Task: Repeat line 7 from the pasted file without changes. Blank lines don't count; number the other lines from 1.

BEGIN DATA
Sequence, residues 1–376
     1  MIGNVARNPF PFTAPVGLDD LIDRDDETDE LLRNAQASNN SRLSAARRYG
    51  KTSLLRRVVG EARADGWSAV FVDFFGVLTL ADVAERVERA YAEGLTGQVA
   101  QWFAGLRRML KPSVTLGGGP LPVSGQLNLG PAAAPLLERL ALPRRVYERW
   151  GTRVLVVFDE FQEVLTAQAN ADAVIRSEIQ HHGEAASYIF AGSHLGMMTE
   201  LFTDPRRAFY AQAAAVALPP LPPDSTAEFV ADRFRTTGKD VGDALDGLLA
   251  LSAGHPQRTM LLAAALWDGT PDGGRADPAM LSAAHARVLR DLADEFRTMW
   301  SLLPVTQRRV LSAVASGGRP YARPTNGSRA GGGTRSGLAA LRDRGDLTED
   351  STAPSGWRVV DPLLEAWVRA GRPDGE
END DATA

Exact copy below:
   251  LSAGHPQRTM LLAAALWDGT PDGGRADPAM LSAAHARVLR DLADEFRTMW